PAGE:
An attacker seeking to penetrate an enterprise's defenses typically has many "easy" options to choose from: unpatched Windows machines, website cross-site scripting flaws, or social engineering against employees.
So it's impossible to ignore the irony that enterprise remote access services -- technologies constructed to provide authorized employees and partners with managed, secure remote access to corporate networks and data -- have become one of the most exploited IT resources in use today.
For the information security industry, it's disheartening. Many enterprises, large and small, have made huge investments in remote access services, but recent findings suggest these technologies come with a variety of inherent problems and few easy answers.
The most recent and perhaps most powerful evidence of remote access problems comes in the 2012 Verizon Data Breach Investigations Report, the industry bellwether for data breach trends. Verizon found that in 2011, remote access services were involved in 88% of all hacking breaches in its data set, and of all the reported incidents involving malware last year, compromised remote access paved the way for infections 95% of the time.
In the DBIR, Verizon references remote access services such as Virtual Network Computing (VNC) and Remote Desktop Protocol (RDP), but the remote access security problem is far broader. Consider the following:
- Many enterprises permit (or fail to regulate) the use of third-party file storage services to facilitate remote access to data, but when files end up in cloud-based repositories, enterprises lose control. When Dropbox left user accounts wide open last June without realizing it, it's likely many ad-hoc enterprise data repositories were exposed.
- Screen sharing and remote administration software weaknesses are an increasing concern. A 2011 report from Trustwave found remote management software was one of the most commonly used attack vectors. And good luck to anyone using Symantec Corp.'s Norton pcAnywhere software; the ambiguous technical document released last month does little to assuage fears that the product has been completely compromised in the wake of Big Yellow's 2006 source code breach. Plus, recent research by Rapid7 CSO HD Moore found thousands of systems using pcAnywhere with open ports that could be accessed by an attacker.
- VPNs risks can't be ignored either. Trustwave also found a VPN or similar remote access method was exploited in more than half of the data breaches it investigated last year. Few though were as devastating and public as the Gucci network attack, in which a former employee used a VPN connection to wreak network havoc from afar.
Insecure or insecurely used remote access technologies – mechanisms that most security teams assume pose little risk – in reality offer an abundance of options for attackers to infiltrate enterprises.
"The biggest concern is that attackers will exploit that remote access connection as a jumping-off point, a hop along the way, to get deeper into an organization," said Chris Hopen, co-founder of TappIn, a secure file-sharing vendor. Few understand remote access better than Hopen, one of the inventors of the SSL VPN and CTO and co-founder of VPN pioneer Aventail, which was acquired in 2007 by SonicWall.
What's confounding, said Hopen, is that the largest underlying problem with remote access technologies isn't with remote access; it's poor identity validation and weak authentication.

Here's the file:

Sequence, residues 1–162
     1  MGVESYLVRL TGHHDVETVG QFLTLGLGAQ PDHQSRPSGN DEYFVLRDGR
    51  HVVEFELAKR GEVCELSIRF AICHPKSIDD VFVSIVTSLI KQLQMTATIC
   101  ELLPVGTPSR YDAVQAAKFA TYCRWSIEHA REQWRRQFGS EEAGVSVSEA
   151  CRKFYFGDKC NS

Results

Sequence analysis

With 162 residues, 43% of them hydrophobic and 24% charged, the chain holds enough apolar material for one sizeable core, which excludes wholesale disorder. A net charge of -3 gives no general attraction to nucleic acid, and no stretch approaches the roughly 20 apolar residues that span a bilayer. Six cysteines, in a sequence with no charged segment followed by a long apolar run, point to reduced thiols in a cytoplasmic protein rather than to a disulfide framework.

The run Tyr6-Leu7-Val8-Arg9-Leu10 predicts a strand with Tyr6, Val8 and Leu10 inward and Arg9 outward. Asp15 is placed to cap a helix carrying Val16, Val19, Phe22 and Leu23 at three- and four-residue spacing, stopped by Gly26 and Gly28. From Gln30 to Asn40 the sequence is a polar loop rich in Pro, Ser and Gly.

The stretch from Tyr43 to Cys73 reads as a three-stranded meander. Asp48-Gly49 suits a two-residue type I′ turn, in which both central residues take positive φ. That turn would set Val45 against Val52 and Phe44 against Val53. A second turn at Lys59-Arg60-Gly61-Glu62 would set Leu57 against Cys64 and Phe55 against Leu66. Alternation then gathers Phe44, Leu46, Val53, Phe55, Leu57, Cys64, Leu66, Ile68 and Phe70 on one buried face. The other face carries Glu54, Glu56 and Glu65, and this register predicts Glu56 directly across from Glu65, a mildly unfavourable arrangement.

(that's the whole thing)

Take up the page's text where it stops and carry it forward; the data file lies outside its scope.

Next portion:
"There have been so many purported solutions to this end-user identity and authentication challenge over the years, with millions and millions of dollars spent," Hopen said. "We've never found a solution people could live with that's cost-effective and adds an enhanced layer of security over traditional passwords. To me, that kicks me in the stomach."
The problem is more acutely felt in small and midsize businesses, especially those that operate point-of-sale (PoS) systems. As Verizon's 2012 DBIR points out, SMBs have proven highly vulnerable because they commonly outsource PoS management to third-party solution providers, many of which fail to properly secure the remote access technologies they use to "help" their customers.
"The message I've been trying to get out there is, if you're a VAR or reseller providing that service, it's to your competitive advantage to have security be in the upper tier of your priorities," said Ed Moyle, co-founder of Amherst, N.H.-based consultancy SecurityCurve and a former PCI DSS QSA.
He said this year's DBIR should serve as an opportunity for solution providers to reach out to their SMB customers to talk about these kinds of security problems and ways to improve them.
Moyle stressed security fundamentals to keep remote access usage in check, such as monitoring for remote access system traffic that isn't being transmitted over HTTP, and restricting admin rights on workstations. "It's not a panacea," Moyle said. "It's something everyone already knows about, but few actually do it."
Hopen said organizations should consider emerging security products that offer enhanced forensic analysis and directory and data monitoring capabilities to better detect when remote access technologies are being used in support of an attack. However, even with better supplemental security products, he said enterprises must shift more of the responsibility for proper use of remote access products to their end users.
"You've got to have better solutions to drive up productivity while mitigating and managing risk," Hopen said, "but I think end users who are given access to these services are a big part of the equation in enhancing and maintaining trust."
Eric B. Parizo is Senior Site Editor of TechTarget's Security Media Group. His rants can also be heard each month on SearchSecurity.com's Security Squad podcast.